As well, employers could call on other workers to testify to support the employer’s case at Labour Court hearings. The stunning conflict of interest there was not recognised. These ‘witnesses’ were also subject to the coercive power of employers to terminate them at will and be repatriated. TWC2 noticed that Labour Courts were not troubled by these circumstances.
In short, what was happening was that workers with underpaid or unpaid salaries began to rely on the IPA as evidence of promised salaries, but MOM resisted this particular use of the IPA. Despite this, as far as TWC2 could see, MOM provided no other route to establishing what correct salaries were in each case. Its own officers were left all at sea.
A further complication was when a worker either misplaced his IPA, or his employer took away his IPA soon after commencing employment. Typically, he would be able to remember what the salary was on the IPA, and when he felt shortpaid, he would ask MOM for a copy of the original IPA in order to support his salary claim.
For years, MOM’s response was to refuse to provide copies. No reason was ever given. They just seemed bull headed. Eventually TWC2 figured out the most likely reason why they refused to provide copies: the software that MOM used for the IPA probably did not allow for reprints. Perhaps MOM officers felt this reason was even more embarrassing than merely being stubborn; thus the refusal to explain why they would not accede to workers’ requests.
It should be noted that even when the IPA is freshly authorised as a document, MOM does not print a hard copy. As explained in the footnote, the IPA is printed by the employer or agent from an electronic link sent to this party. That was a clue that it wasn’t so much a refusal but a plain technical inability to generate a copy (though the refusal to explain themselves is no less inexcusable). We soon began to joke around TWC2, “They’re still looking for the Reprint button!” It would take years before MOM figured out a work-around, which we will discuss in Part 4.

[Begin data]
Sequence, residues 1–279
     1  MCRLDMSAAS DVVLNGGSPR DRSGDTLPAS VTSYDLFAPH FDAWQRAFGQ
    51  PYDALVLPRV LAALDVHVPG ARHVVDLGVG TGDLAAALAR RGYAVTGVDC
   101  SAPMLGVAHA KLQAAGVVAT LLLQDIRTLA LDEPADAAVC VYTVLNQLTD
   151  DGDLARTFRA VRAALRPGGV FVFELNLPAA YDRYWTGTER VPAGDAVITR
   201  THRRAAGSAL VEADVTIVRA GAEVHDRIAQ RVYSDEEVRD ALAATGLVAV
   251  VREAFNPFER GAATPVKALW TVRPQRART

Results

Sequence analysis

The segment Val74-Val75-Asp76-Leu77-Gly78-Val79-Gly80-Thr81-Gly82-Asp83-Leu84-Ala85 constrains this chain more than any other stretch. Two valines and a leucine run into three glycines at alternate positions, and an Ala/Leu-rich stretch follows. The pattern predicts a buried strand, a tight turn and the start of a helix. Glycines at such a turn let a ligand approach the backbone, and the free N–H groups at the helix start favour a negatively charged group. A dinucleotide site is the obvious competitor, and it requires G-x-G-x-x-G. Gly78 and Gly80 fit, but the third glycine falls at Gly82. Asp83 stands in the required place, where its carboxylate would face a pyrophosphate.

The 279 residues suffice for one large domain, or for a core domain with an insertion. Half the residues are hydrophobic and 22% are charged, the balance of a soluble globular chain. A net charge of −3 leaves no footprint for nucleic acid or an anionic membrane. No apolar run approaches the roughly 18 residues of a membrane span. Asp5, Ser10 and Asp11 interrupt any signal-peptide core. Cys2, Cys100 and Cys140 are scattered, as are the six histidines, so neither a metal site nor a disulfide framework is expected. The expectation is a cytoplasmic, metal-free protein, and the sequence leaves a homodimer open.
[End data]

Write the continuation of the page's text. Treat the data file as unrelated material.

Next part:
Through all those years, workers who couldn’t produce their original copy of the IPA were disadvantaged in pursuing their salary claims even more than they were already disadvantaged by the almost capricious Labour Court process. This didn’t seem to move MOM very much, which may explain why it took them so long to come up with a work-around. It’s possible that due to the ideological position that the IPA was not a contract, officials therefore did not consider its presence or absence germane to salary disputes – never mind reality.
Then, in November 2017 a High Court judgement changed the game. Reversing a decision by the Labour Court, the High Court in Liu Huaixi v Haniffa Pte Ltd  SGHC 270 (para 33) decided that
Given the statutory framework of the IPA, the amount stated in it would constitute prima facie evidence of the basic monthly salary of the employee.
Not only did that change the landscape in deciding salary cases, it also put a spotlight on MOM’s refusal to provide reprints of IPAs to workers who do not have them, sometimes through no fault of their own (e.g. forcibly taken away by employers). Refusal could well be construed as an unreasonable action on MOM’s part that thwarts justice.
In any case, employers, as unsure as workers as to how the Labour Court would decide cases, had also begun to “play safe”. Just in case a particular Assistant Commissioner of Labour might give weight to IPAs in his decision, some employers felt it better to have IPAs reflect the salary they wished to pay rather than what they promised the employee. How to do that? This will be discussed in Part 3.
The IPA process is almost entirely online. When an employer wishes to employ a foreign worker, he or his licensed employment agent logs into MOM’s system to make an application for a work permit for this worker. A host of details, including salary details, has to be provided.
If MOM approves the application, the employer or his agent can then print two versions of the IPA in paper form. One version is for the employer and the other is for the employee. The key details including those items listed above are the same, but there are some details that only show up in the employer’s copy, such as the amount in monthly levy, but not in the employee’s copy. And vice versa.
The employer or his licensed agent is supposed to send the employee’s copy to the prospective worker, so that he has it in hand when arriving at Changi airport. He needs to show it to immigration.
TWC2 is an organization that is dedicated to assisting low-wage migrant workers when they are in difficulty. We are motivated by a sense of fairness and humanity, though our caseload often exceeds our